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  •   House Votes to Require Assent for Ground Troops

    After meeting with members of Congress on the crisis in Kosovo Wednesday, President Clinton said he intends to intensify NATO air strikes in Yugoslavia. (AFP)
    By Charles Babington and Juliet Eilperin
    Washington Post Staff Writers
    Thursday, April 29, 1999; Page A1

    President Clinton signaled yesterday that the air campaign in Yugoslavia may continue for at least another three months, while he sought to quell congressional discontent by yielding to some GOP demands on military spending and agreeing to legislative consultation on the possible introduction of U.S. ground troops.

    Despite his conciliation, the House voted 249 to 180 to block funding for U.S. ground forces in the Balkans unless Congress first gives its approval. Clinton, who had hoped to prevent the vote, tried to remove some of its political sting by issuing a preemptive letter agreeing to consult with legislators before sending in ground troops. He repeated that he does not intend to use U.S. ground troops to fight their way into Kosovo, but might deploy them in a peacekeeping or "permissive" setting.

    A Democratic resolution to support the air war later failed on a tie vote of 213 to 213.

    In Belgrade, meanwhile, Yugoslav President Slobodan Milosevic fired Deputy Prime Minister Vuk Draskovic, a maverick critic who had called for sending armed United Nations peacekeepers to Kosovo. Clinton said it was a sign that the Belgrade regime was splintering over the NATO campaign, though it consolidated the control of Milosevic and other hard-liners over the Yugoslav government.

    And in Berlin, Deputy Secretary of State Strobe Talbott said the United States and its allies were close to an agreement with Russia on how to manage an international peacekeeping force for Kosovo, once the conflict is over. Such an agreement could open the way to a new effort by Russia to broker a deal between NATO and Yugoslavia to end the war.

    The flurry of activity came as the House began voting on the Kosovo war for the first time since hostilities began last month. With GOP members already displaying misgivings about Clinton's handling of the war, the president tried to minimize the impact of a congressional debate that White House aides feared could give comfort to Milosevic and undermine allied efforts to conduct rescue missions and keep military options open.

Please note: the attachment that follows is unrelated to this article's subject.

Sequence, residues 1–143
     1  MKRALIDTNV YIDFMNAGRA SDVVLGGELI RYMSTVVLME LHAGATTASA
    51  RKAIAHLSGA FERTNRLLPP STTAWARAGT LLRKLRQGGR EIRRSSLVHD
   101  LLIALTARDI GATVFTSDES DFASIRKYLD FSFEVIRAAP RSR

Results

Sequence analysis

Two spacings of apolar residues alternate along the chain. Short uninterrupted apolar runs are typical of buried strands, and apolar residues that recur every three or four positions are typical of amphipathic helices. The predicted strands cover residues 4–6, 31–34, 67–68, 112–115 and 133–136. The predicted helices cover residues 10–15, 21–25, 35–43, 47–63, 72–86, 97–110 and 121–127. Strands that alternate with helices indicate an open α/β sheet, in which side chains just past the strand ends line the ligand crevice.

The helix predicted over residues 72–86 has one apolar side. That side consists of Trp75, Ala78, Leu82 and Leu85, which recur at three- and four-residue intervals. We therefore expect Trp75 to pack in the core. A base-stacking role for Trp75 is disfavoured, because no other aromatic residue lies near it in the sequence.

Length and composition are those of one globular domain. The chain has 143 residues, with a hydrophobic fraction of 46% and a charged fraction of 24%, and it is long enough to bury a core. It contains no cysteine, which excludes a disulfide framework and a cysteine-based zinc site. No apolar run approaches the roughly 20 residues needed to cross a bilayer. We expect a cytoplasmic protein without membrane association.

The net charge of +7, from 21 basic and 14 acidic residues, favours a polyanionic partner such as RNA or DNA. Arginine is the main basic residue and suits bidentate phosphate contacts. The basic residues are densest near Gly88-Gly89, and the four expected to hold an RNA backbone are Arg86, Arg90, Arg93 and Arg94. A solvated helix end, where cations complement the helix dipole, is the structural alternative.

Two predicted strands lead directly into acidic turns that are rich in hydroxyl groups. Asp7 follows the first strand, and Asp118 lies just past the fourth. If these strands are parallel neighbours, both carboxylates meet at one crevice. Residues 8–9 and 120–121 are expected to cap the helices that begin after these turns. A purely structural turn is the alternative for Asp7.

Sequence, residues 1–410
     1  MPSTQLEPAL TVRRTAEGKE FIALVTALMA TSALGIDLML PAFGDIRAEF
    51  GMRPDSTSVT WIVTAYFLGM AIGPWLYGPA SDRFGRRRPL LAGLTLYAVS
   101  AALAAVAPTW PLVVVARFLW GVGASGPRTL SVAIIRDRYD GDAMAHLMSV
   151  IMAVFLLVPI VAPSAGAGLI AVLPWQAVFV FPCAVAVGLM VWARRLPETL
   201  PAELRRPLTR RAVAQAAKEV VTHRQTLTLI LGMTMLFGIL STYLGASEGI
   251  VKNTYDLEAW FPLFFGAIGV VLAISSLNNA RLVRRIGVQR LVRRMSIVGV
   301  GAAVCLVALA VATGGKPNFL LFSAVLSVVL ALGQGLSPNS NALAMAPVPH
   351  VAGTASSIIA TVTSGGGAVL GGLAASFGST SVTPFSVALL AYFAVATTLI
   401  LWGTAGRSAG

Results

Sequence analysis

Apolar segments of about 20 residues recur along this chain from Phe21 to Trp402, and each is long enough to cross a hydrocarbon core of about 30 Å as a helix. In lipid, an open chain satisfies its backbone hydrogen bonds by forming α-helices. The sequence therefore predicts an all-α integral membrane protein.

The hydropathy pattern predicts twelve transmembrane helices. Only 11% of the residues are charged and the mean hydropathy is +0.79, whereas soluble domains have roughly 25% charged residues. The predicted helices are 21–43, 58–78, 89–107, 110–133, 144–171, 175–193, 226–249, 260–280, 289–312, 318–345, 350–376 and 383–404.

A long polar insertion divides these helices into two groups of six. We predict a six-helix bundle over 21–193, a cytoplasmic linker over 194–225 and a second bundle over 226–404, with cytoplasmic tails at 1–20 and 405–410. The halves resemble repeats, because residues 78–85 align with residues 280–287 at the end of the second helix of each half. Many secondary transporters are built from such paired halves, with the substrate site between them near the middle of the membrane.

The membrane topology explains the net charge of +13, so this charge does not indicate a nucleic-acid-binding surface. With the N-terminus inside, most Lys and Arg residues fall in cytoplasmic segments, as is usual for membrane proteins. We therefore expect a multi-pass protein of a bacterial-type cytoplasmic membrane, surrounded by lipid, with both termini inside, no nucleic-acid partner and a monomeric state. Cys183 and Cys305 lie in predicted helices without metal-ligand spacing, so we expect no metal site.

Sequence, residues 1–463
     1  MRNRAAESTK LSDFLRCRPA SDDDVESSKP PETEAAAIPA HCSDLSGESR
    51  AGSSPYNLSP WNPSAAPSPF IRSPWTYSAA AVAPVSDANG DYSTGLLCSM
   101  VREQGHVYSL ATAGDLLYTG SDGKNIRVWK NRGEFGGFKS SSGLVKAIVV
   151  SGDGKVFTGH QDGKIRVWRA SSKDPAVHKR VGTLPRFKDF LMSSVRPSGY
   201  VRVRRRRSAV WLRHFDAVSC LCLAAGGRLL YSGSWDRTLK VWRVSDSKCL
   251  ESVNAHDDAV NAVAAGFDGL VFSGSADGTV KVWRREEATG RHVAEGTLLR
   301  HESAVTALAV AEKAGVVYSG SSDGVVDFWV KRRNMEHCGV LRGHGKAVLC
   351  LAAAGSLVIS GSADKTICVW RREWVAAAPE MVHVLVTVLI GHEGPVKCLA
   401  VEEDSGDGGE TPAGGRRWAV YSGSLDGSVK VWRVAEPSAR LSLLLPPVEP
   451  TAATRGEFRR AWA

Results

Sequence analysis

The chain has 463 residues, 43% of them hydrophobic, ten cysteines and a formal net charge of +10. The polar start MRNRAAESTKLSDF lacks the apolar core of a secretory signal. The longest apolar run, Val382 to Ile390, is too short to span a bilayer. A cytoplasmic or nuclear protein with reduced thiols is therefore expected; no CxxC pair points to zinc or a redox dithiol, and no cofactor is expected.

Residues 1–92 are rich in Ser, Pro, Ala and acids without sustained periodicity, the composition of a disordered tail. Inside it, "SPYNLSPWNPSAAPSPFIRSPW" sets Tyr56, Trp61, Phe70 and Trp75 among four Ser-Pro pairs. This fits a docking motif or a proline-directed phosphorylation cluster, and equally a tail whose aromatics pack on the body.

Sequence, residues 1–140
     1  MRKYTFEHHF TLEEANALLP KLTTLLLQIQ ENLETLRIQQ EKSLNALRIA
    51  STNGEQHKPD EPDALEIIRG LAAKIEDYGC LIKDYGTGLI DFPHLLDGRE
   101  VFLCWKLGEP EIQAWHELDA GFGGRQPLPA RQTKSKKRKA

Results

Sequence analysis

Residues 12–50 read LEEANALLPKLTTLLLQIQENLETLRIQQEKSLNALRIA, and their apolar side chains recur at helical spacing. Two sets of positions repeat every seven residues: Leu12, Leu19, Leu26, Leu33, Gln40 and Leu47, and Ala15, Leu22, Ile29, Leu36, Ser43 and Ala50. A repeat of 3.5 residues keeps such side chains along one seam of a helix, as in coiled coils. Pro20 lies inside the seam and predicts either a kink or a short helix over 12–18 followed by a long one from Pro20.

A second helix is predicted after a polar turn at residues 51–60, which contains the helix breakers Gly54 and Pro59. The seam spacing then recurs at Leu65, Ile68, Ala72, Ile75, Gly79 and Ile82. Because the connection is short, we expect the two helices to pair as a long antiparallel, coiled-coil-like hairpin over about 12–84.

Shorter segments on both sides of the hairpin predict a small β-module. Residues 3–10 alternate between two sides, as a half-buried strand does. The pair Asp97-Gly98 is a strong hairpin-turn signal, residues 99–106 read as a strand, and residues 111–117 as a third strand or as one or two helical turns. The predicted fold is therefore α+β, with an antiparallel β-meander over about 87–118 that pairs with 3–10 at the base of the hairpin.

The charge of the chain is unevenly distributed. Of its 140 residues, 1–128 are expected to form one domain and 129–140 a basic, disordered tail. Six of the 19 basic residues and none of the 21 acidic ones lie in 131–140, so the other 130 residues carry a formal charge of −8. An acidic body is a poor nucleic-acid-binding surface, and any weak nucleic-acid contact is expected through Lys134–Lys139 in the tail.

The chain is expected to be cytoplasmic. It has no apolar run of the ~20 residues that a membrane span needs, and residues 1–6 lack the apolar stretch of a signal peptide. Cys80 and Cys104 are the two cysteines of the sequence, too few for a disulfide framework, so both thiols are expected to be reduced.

At the same time, the president gave his clearest signal yet that the air campaign may continue well into the summer. Clinton told reporters that NATO pilots now can "fly around the clock, at lower altitudes from all directions, in better weather. Historically, the weather [in Yugoslavia] is better in May than in April, better in June than in May, better in July than in June. And I feel very strongly that we should stay with, and be very strong, in determination to pursue our strategy."

    Meeting with congressional leaders in the morning, the president told House and Senate leaders he would consult with them before sending ground troops, and he sent a letter to House members shortly before yesterday's votes, reiterating that promise.

    Clinton also appeared to compromise in the area of military spending. He has asked Congress for $6 billion in emergency funds for Kosovo military and humanitarian operations, but Republicans have proposed doubling the amount to fund their own military-related priorities.

    While asking Congress to endorse his plan as introduced, Clinton privately told lawmakers they could add to it, provided they not make it so unwieldy and controversial that they delayed its passage.

    "He said, 'Just please don't overload it so it gets bogged down,' " said House International Relations Committee Chairman Benjamin A. Gilman (R-N.Y.). "He was showing a willingness to try to work together with the Congress."